tiff 2023

Hayao Miyazaki Didn’t Lose a Step During His Temporary Retirement

Photo: Courtesy of TIFF

Everyone has their favorite Hayao Miyazaki movie, and mine is Porco Rosso, the 1992 adventures of a World War I flying ace turned bounty hunter with the face of a swine — a transformation that reflects how disillusioned he has become with humanity. Late in that film, Porco tells the story of his best friend’s death in a dogfight. Unable to save him, Porco flies up into the clouds and emerges into a still space above them, where he watches the planes of everyone who was shot down in the battle drift up to join a dense band of aircraft high in the sky — their earthly allegiances incidental in this aerial procession of the dead that Porco, who remains alive, is unable to join. That sequence is, for me, the best thing Studio Ghibli has ever produced, the beauty of aviation paired with the violence it visits upon people, all of it rendered in imagery that’s fantastical and inexpressibly sad.

Miyazaki returns to that idea in the tremendous The Boy and the Heron, his first film in a decade, when 12-year-old Mahito Maki (voiced by Soma Santoki) finds his way to a magical kingdom of strange seas dotted with islands and overgrown shipwrecks. On the horizon is a dense line of sails, ones attached to boats that, he learns, aren’t real. They’re rowed by shadowy figures who, like everyone else in the place, seem to be perpetually in need of something to eat. There have been supernatural dimensions in Miyazaki’s work before — Mahito’s sojourn often brings to mind Chihiro’s in Spirited Away. But the universe of The Boy and the Heron, which turns out to be the creation of a bookish great-grand-uncle (Shôhei Hino) who disappeared before Mahito was born, is also different. “In this world,” he’s told, “the dead are the majority.” It’s as though Mahito manages to do what Porco didn’t, fleeing the pain of existence by fleeing into a realm that belongs to the dead — an enchanting, unsettling, unbalanced place that seems to want to reject the living beings who’ve been brought there.

The Boy and the Heron is being described as the last film from Miyazaki, who’s now 82 years old. But that was how 2013’s The Wind Rises, which was meant to mark the start of the animation master’s retirement, was framed as well. As long as Miyazaki feels he has more to say, we’re lucky enough to be here to receive it, and this latest work comes off as acutely, if indirectly, personal. It is, like The Wind Rises, a film that takes place in the shadow of World War II. Mahito, like Miyazaki himself, is evacuated from Tokyo to the countryside, but not before losing his mother, who dies during a firebombing. This incident, which keeps erupting into Mahito’s consciousness afterward, is rendered like a panic attack, the boy in his light-gray uniform pushing through a crowd of city residents who are a dark blur of anguished forms. The trauma of Mahito’s particular loss is paired by a larger sense of distress. The rural community Mahito is brought to a year later is made up mostly of the old, the infirm, and children, held together by weary volunteer labor. He arrives in time to witness the seeing-off of two locals who’ve been called up to service, trudging up the street with their loved ones.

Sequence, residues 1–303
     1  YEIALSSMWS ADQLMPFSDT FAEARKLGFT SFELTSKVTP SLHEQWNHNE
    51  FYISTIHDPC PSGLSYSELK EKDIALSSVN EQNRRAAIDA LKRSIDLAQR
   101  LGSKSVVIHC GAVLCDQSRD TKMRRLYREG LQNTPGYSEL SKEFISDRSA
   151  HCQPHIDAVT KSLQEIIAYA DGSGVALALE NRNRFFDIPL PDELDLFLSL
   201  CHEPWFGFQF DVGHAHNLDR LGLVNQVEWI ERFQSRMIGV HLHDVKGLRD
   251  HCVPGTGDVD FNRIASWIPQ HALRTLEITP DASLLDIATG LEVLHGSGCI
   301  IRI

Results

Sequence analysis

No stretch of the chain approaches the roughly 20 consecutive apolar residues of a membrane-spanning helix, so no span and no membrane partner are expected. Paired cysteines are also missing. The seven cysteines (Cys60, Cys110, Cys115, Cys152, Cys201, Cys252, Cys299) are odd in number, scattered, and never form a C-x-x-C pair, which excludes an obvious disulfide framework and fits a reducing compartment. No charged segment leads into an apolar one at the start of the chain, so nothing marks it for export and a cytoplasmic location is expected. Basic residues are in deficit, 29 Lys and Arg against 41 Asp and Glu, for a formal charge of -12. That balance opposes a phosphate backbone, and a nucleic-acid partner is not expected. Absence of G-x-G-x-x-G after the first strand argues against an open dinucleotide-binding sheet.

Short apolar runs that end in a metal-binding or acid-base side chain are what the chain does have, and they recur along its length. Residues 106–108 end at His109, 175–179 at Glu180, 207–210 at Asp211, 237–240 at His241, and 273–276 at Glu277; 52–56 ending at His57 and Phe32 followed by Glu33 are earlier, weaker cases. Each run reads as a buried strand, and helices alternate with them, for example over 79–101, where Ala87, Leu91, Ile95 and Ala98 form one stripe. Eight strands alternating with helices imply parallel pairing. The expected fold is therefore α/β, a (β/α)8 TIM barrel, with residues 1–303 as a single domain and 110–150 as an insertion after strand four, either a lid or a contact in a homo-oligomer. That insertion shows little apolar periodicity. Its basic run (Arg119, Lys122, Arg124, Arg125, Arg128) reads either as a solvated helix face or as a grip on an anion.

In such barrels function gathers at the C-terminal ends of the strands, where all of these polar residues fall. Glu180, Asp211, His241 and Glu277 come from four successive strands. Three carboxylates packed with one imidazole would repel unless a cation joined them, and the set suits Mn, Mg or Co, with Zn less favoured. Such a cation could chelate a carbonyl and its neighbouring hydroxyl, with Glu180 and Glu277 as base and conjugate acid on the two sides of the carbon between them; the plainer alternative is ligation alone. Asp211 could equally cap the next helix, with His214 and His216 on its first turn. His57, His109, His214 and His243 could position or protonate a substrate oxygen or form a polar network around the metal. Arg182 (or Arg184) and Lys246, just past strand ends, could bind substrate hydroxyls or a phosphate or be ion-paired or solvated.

Mahito doesn’t like his new stepmother, Natsuko (Yoshino Kimura), who happens to be his mother’s younger sister and whom he treats with scrupulously formal politeness. He doesn’t like his new school, where the children and nearby field laborers are hostile toward the kid dropped off in a fancy car. He gives himself a head wound so that he doesn’t have to go back, leaving him to convalesce in the care of the cluster of elderly maids who live with Natsuko on the cavernous family estate that’s now also his home. His only other company is a massive gray heron that keeps trying to get in his window and starts to display the power of speech along with some alarming, and very unbirdlike, teeth. The bothersome bird keeps trying to lure him to the crumbling tower sitting out in the woods, and when Natsuko goes missing one day, Mahito finally makes his way to the library inside, and then to the other universe, where he meets up with a swashbuckling sailor (Kô Shibasaki), groups of ravenous pelicans, and a girl with the power of fire (Aimyon).

The Boy and the Heron is irresistible in its dream logic, straddling the adorable (white blob creatures called Warawara that inflate like balloons) and the dark (parakeet soldiers that are on the search for fresh meat). But what makes it most compelling are the ways in which the real and the magical are equal presences. The magical universe may be a means of evading a reality that’s on fire, but it’s not without its own ugliness, all of it brought in from the outside by those looking to escape. If The Boy and the Heron ultimately feels less universal in its emotional appeal than past Miyazaki work, it’s only because Miyazaki is grappling with something very specific — that we can’t leave the world behind when we’re a part of it.

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Miyazaki Didn’t Lose a Step